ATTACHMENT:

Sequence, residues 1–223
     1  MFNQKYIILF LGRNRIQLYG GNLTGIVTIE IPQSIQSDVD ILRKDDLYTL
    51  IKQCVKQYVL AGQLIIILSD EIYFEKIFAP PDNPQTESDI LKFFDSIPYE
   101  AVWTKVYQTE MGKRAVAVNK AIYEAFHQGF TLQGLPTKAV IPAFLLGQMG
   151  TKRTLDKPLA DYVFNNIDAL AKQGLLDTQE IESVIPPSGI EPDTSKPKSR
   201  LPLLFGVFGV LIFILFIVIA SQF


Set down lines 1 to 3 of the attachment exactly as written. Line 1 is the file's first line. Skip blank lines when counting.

Sequence, residues 1–223
     1  MFNQKYIILF LGRNRIQLYG GNLTGIVTIE IPQSIQSDVD ILRKDDLYTL
    51  IKQCVKQYVL AGQLIIILSD EIYFEKIFAP PDNPQTESDI LKFFDSIPYE